A patient’s informed consent to the risks of surgery may not form the “central component” of a doctor’s defense to a medical malpractice action, the state Superior Court has ruled, and repeated references to it have caused a defense verdict to be thrown out in a case out of Delaware County.
“Evidence of informed consent is irrelevant in a medical malpractice case,” Senior Judge Robert E. Colville wrote in Brady v. Urbas, where the frontline appeals court ordered a new trial in a Delaware County case where a jury returned a defense verdict after repeatedly hearing about the patient’s informed consent to surgery.
Maria Brady, whose toe was shortened as a result of several surgeries, won a retrial Tuesday. Evidence about her acknowledgement of the operations’ risks should not have been introduced, the court said. Furthermore, Colville wrote for a unanimous three-judge panel that references to Brady’s consent could have directed the jury’s attention away from the alleged negligence of Dr. William Urbas.
“The evidence clearly could have misled or confused the jury by leading it to believe that Mrs. Brady’s injuries simply were a risk of the surgeries and that she accepted such risks, regardless of whether Dr. Urbas’ negligence caused the risks to occur,” Colville said.
The case, filed in the Delaware County Court of Common Pleas, originated from a two-pronged complaint in which Brady and her husband, Robert Brady, levied loss of consortium and negligence claims against Urbas, according to Colville.
On Feb. 25, 2008, Maria Brady went to Urbas for treatment of a problem with the second toe of her right foot, Colville said. Exactly one month later, Urbas performed a surgery that failed to resolve the issue with Brady’s toe.
Additional surgeries in 2009 and 2010 resulted in the extreme shortening of Brady’s toe, which causes her “extreme and constant pain,” according to Colville.
Eventually, the couple filed a motion to exclude informed-consent-related evidence at trial.
According to Colville, the Bradys argued in their motion that the case was based solely on the “substandard quality of care” provided by Urbas and that the disclosure of possible risks discussed with Urbas were not relevant to any issue in the professional negligence action.
The Bradys also claimed in their motion that evidence of prior discussion of the risks related to surgery between Urbas and Maria Brady could cause prejudice and create confusion among the jury, according to Colville.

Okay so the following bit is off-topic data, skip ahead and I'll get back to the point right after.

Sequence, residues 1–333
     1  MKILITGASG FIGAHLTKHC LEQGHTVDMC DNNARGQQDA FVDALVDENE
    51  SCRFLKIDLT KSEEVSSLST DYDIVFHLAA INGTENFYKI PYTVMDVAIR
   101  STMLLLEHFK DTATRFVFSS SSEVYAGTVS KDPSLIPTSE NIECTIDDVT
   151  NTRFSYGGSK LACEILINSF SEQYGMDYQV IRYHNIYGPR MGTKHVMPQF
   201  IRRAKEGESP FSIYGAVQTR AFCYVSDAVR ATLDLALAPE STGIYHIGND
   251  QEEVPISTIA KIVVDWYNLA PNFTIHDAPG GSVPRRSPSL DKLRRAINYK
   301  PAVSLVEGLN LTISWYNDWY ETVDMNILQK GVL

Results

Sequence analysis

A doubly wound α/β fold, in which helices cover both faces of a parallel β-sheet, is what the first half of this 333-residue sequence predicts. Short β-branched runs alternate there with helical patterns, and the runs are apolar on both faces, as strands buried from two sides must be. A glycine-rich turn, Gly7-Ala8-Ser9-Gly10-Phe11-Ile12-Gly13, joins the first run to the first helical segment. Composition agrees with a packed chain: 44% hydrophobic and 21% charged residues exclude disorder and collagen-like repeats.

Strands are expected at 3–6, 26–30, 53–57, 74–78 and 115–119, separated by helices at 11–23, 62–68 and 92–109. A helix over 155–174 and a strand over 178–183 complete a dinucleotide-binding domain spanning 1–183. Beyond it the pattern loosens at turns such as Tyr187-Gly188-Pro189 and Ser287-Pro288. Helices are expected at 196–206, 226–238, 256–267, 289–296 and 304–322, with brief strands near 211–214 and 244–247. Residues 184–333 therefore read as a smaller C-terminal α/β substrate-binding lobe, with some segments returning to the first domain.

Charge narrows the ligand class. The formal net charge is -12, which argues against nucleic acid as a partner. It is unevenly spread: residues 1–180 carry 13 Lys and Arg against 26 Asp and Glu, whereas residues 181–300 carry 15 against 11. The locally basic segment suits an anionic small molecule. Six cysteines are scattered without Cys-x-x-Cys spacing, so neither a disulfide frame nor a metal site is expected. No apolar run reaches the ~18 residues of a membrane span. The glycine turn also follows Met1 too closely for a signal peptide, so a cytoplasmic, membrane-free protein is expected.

Urbas answered the motion, claiming evidence relating to what Brady was aware of specifically regarding the surgery was relevant to her credibility and state of mind at the time of the surgeries, according to Colville.
“Moreover, [the Bradys'] expert specifically opines that there was a lack of informed consent,” Colville cited from Urbas’ response.
Additionally, Urbas said in his response that the evidence of consent was not prejudicial and the “mere fact” that the surgery did not result in the desired outcome did not prove negligence, according to Colville.
The motion was denied by the trial court and a jury trial commenced. Colville said that throughout the trial, reference was made to Brady’s knowledge of the risks involved with her surgery, with copies of some of the consent forms being provided to the jury for use in its deliberations.
The jury determined that Urbas was not negligent, Colville said. After that determination, the plaintiffs appealed, claiming that the trial court abused its discretion in introducing the consent evidence and that a new trial was needed.
In support of its decision, the trial court claimed, “The consent forms were both competent and relevant. The jury in this matter was asked to determine if the final three procedures performed on” Brady by Urbas “deviated from the standard of care of podiatric medicine. The risks and complications associated with the alleged negligent procedures and the course of treatment to alleviate those complications associated were relevant to determine if Dr. Urbas was negligent,” Colville cited from the trial court.
The plaintiffs highlighted a 2004 decision from the Supreme Court of Virginia that, according to Colville, said “the awareness of the general risks of surgery is not a defense available to [the defendant physician] against a claim of deviation from the standard of care. … Nor does it help the defendant show he was not negligent. … In effect the jury could conclude that consent amounted to a waiver, which is plainly wrong.”
Colville said that while the Virginia court’s decision was not binding on the Pennsylvania Superior Court, “We believe that court provided a persuasive and succinct rationale for excluding from evidence in a medical malpractice case precisely the evidence the trial court allowed the jury to consider in this matter.”
Evidence of Brady’s consent to her surgeries and her knowledge of the risks associated with them was inadmissible, according to Colville, and the trial court abused its discretion by ruling to the contrary.
“We determine further that this error controlled the outcome of this case,” Colville said. “The evidence was a central component of Dr. Urbas’ defense and was referenced throughout the trial.”
The plaintiffs were represented by Peter A. Greiner of Sprague & Sprague. Greiner said he could not comment on the ruling until he had spoken with his clients, and did not call back by press time.
Urbas’ attorney, Robert E. Dillon of Naulty, Scaricamazza & McDevitt in Philadelphia, did not return calls seeking comment.
(Copies of the eight-page opinion in Brady v. Urbas, PICS No. 13-3157, are available from The Legal Intelligencer. Please call the Pennsylvania Instant Case Service at 800-276-PICS to order or for information.) •